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Falcons’ GM, coach making sure no player feels comfortable … good - The Athletic


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by Jeff Schultz for The Athletic

 

The Falcons have a first-time general manager and a first-time coach. So while Terry Fontenot and Arthur Smith both come highly recommended — and isn’t that always the case, except maybe that time when ownership hired Marion Campbell twice — nobody really knows how this is going to turn out. The team is $20 million above the salary cap. The roster is half empty. Last season: 4-12. OK, guys: Fix it.

But this much seems certain about the immediate future: No player should feel comfortable.

This was reaffirmed when Fontenot and Smith visited with the media remotely this week. It wasn’t just what they said but what they didn’t say. Some examples:

• Smith was asked about watching tape from the 2020 season and whether any players stood out to him whom he had not been overly familiar with. (He acknowledged previously he wasn’t overly knowledgeable about most of the roster since he was coaching Tennessee). Smith’s answer: “Younghoe Koo.”

So the first player the new coach thought of was the kicker.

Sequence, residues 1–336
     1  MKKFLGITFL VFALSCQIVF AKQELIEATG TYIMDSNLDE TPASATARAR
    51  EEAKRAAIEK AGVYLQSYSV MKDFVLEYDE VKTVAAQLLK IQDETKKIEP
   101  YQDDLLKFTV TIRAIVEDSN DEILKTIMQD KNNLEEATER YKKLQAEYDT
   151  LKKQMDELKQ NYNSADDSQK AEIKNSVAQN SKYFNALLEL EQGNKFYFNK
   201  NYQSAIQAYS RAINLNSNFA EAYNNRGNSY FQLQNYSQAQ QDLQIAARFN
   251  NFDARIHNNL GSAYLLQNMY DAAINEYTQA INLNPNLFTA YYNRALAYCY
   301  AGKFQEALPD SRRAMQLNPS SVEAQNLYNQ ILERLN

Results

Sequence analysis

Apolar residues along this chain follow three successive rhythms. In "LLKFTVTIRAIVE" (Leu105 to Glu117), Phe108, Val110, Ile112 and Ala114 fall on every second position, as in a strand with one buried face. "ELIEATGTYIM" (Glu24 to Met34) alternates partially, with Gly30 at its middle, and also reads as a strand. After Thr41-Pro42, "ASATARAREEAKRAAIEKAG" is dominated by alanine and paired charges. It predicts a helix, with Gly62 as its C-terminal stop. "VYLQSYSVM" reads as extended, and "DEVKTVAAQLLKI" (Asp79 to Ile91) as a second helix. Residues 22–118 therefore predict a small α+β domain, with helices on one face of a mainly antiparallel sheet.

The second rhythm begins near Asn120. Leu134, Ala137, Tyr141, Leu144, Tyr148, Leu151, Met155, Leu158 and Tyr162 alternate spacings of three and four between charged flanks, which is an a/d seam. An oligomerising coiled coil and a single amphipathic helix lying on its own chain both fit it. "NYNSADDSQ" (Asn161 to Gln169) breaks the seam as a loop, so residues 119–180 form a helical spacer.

• A short time later from Smith: “There some good (offensive) pieces here. Calvin Ridley had a heck of a year. Matt (Ryan) still threw at a high level. You’re excited about Chris Lindstrom.”

Let’s talk about who Smith didn’t reference — nor did the player’s name come up during the entire 35 minutes that Fontenot and Smith spoke: Julio Jones. Maybe it was just an oversight. Maybe it was something more than that. I’ve written before that it would be logical for the Falcons to draft Ryan’s replacement but keep the 36-year-old for another season, purely to avoid further salary-cap Armageddon. The situation with Jones is less certain. His projected cap hit in 2021 and the “dead” money should they trade him is roughly the same and they could get a draft pick for him. He also missed seven games in 2020.

• Fontenot, when asked about how he can improve the roster against the backdrop of the cap situation: “We’re going to have to make some hard decisions on some players on this roster. We’re going to have to earn our jobs as scouts, right? We’re going to have to go find players.”